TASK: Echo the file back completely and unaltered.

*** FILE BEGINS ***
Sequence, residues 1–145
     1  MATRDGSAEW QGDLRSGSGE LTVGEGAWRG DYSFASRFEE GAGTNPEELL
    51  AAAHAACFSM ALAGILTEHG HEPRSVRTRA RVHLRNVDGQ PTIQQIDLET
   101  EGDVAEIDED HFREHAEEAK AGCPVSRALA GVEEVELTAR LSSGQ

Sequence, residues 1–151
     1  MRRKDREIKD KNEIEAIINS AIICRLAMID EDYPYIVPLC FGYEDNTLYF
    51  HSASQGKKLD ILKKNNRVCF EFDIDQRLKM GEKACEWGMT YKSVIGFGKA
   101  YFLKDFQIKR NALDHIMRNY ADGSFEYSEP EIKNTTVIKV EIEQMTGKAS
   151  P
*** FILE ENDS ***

Sequence, residues 1–145
     1  MATRDGSAEW QGDLRSGSGE LTVGEGAWRG DYSFASRFEE GAGTNPEELL
    51  AAAHAACFSM ALAGILTEHG HEPRSVRTRA RVHLRNVDGQ PTIQQIDLET
   101  EGDVAEIDED HFREHAEEAK AGCPVSRALA GVEEVELTAR LSSGQ

Sequence, residues 1–151
     1  MRRKDREIKD KNEIEAIINS AIICRLAMID EDYPYIVPLC FGYEDNTLYF
    51  HSASQGKKLD ILKKNNRVCF EFDIDQRLKM GEKACEWGMT YKSVIGFGKA
   101  YFLKDFQIKR NALDHIMRNY ADGSFEYSEP EIKNTTVIKV EIEQMTGKAS
   151  P